Thursday, September 03, 2015

Must listen for anyone who works with or knows anyone with autism!


Great quotes:

"Not everything that steps out of line or is unusual is inferior."  - Hans Asperger

When you have met one person with autism, you have met one person with autism.

- JR



'NeuroTribes' Examines The History — And Myths — Of The Autism Spectrum

In 1938, an Austrian pediatrician named Hans Asperger gave the first public talk on autism in history. Asperger was speaking to an audience of Nazis, and he feared that his patients — children who fell onto what we now call the autism spectrum — were in danger of being sent to Nazi extermination camps.
As Asperger spoke, he highlighted his "most promising" patients, a notion that would stick with the autistic spectrum for decades to come.
"That is where the idea of so-called high-functioning versus low-functioning autistic people comes from really — it comes from Asperger's attempt to save the lives of the children in his clinic," science writer Steve Silberman tells Fresh Air's Terry Gross.
Silberman chronicles the history of autism and examines some of the myths surrounding our current understanding of the condition in his new book,NeuroTribes. Along the way, he revisits Asperger's calculated efforts to save his patients.
Link to story here

Sunday, August 30, 2015

Oliver Sacks - A Tribute to A Man Who Inspired a Generation - Patients and Healers

A young Oliver Sacks

A tribute to Oliver Sacks - 9 July 1933 – 30 August 2015) - Dr Sacks inspired a generation. After Dr. Sacks, patients can find both a commonality in others and a wonder in their unique experiences. Healers can stop to admire the diversity of creation. - JR


Oliver Sacks: Nervous System and the Soul (excerpt) - Thinking Allowed with Jeffrey Mishlove 
https://youtu.be/nU36JbnH-b8

Oliver sacks in his many pursuits. 


Oliver Sacks on Tourette Syndrome Part 1, 2 ,3

The neurologist Oliver Sacks talks about Tourette Syndrome. Features Shane Fistell. Tourette's is a neurological disorder that causes motor and vocal tics which vary considerably between individuals and also impulsive behaviours and reduced inhibition (and filtering) of thoughts, movements and sensory input. This may lead to a rapidity and expansiveness of thought processes and reduced reaction times. Obsessions and compulsions are a consistent feature of TS and may involve thoughts, speech and movements such as touchings or evening things up and counting. This portrayal provides a sensitive and insightful perspective - a welcome and more representational alternative to the often simplistic stereotypical media depiction of the disorder which has been responsible for much misunderstanding and distress to sufferers.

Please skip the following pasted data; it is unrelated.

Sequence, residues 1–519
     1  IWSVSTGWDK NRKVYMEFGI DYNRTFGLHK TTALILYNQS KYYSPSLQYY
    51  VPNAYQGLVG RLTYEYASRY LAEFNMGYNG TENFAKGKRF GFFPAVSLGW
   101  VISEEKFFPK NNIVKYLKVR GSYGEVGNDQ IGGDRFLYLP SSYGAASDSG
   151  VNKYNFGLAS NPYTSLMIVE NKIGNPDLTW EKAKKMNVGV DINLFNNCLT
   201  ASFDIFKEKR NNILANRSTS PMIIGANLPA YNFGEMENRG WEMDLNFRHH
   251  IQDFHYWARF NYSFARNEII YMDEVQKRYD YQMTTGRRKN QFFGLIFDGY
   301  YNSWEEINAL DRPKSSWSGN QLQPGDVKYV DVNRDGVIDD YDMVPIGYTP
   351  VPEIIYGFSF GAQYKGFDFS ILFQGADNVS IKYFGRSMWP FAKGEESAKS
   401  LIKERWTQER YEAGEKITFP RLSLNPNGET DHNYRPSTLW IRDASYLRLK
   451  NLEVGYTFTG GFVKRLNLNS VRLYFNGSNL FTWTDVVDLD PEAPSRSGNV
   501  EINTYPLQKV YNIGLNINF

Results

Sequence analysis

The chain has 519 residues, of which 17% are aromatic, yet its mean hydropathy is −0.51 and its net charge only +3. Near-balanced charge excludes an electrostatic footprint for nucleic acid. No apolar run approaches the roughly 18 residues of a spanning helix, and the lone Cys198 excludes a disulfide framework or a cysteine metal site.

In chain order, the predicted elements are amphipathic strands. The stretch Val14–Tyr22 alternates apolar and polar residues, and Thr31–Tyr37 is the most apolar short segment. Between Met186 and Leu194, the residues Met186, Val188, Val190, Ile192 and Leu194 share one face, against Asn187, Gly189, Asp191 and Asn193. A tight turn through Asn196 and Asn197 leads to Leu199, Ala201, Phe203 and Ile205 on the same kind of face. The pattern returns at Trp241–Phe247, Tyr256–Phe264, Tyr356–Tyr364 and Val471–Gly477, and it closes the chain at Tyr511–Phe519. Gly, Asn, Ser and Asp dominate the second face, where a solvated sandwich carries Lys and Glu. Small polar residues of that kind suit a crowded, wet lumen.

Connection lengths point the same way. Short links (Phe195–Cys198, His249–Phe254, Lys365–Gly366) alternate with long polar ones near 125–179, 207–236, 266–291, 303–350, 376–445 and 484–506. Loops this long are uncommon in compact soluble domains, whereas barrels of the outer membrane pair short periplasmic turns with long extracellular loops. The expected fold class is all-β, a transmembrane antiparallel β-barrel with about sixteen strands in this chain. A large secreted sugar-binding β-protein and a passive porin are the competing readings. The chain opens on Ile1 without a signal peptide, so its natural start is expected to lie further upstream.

Part 1

Part 2

Part 3


"We see with our brains"- Charles Bonnet Syndrome

http://www.ted.com Neurologist and author Oliver Sacks brings our attention to Charles Bonnett syndrome -- when visually impaired people experience lucid hallucinations. He describes the experiences of his patients in heartwarming detail and walks us through the biology of this under-reported phenomenon.

https://youtu.be/SgOTaXhbqPQ


Nightmares & Sleep Paralysis

Dr. Sacks talks about the frightening hallucinations that may occur in sleep paralysis. From his new book, Hallucinations.
https://youtu.be/0CVGANRgABY


On Brain Injury 

Uploaded on Mar 11, 2011 - https://youtu.be/WSxpX5Id_js
Dr. Oliver Sacks talks about Greg F., the real patient featured in his essay "The Last Hippie," basis of the movie, "The Music Never Stopped," featuring music from the Grateful Dead, Dylan, the Beatles, Crosby, Stills, Nash and others.



Thursday, August 27, 2015

Study: The yield from genetic testing for epileptic encephalopathies is....

Epilepsia

Before genetic testing parents want to know the point in doing the test and the chances of finding something?

Insurance companies want to find a reason to block paying for the test.


Here is some excellent data that Will make one happy and the other sad. 

Genetic causes were found in 28%.

 - JR


Diagnostic yield of genetic testing in epileptic encephalopathy in childhood

Authors

Summary

Objective

Epilepsy is a common neurologic disorder of childhood. To determine the genetic diagnostic yield in epileptic encephalopathy, we performed a retrospective cohort study in a single epilepsy genetics clinic.

Methods

We included all patients with intractable epilepsy, global developmental delay, and cognitive dysfunction seen between January 2012 and June 2014 in the Epilepsy Genetics Clinic. Electronic patient charts were reviewed for clinical features, neuroimaging, biochemical investigations, and molecular genetic investigations including targeted next-generation sequencing of epileptic encephalopathy genes.

Results